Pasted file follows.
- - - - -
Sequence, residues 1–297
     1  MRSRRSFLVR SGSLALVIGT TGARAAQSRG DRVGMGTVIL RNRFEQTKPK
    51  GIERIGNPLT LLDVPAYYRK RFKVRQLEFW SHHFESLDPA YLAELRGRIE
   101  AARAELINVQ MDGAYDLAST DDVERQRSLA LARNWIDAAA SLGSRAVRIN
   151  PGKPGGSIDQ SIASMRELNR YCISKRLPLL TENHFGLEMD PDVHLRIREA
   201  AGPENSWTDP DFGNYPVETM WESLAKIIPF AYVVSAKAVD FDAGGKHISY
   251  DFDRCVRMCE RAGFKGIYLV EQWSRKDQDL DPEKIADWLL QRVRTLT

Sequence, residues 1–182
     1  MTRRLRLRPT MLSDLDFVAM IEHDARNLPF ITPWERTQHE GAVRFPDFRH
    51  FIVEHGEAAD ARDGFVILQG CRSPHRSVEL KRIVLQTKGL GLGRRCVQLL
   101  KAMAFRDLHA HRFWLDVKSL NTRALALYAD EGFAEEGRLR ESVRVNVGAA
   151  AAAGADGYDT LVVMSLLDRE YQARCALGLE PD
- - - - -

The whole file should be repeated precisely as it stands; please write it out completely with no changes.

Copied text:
Sequence, residues 1–297
     1  MRSRRSFLVR SGSLALVIGT TGARAAQSRG DRVGMGTVIL RNRFEQTKPK
    51  GIERIGNPLT LLDVPAYYRK RFKVRQLEFW SHHFESLDPA YLAELRGRIE
   101  AARAELINVQ MDGAYDLAST DDVERQRSLA LARNWIDAAA SLGSRAVRIN
   151  PGKPGGSIDQ SIASMRELNR YCISKRLPLL TENHFGLEMD PDVHLRIREA
   201  AGPENSWTDP DFGNYPVETM WESLAKIIPF AYVVSAKAVD FDAGGKHISY
   251  DFDRCVRMCE RAGFKGIYLV EQWSRKDQDL DPEKIADWLL QRVRTLT

Sequence, residues 1–182
     1  MTRRLRLRPT MLSDLDFVAM IEHDARNLPF ITPWERTQHE GAVRFPDFRH
    51  FIVEHGEAAD ARDGFVILQG CRSPHRSVEL KRIVLQTKGL GLGRRCVQLL
   101  KAMAFRDLHA HRFWLDVKSL NTRALALYAD EGFAEEGRLR ESVRVNVGAA
   151  AAAGADGYDT LVVMSLLDRE YQARCALGLE PD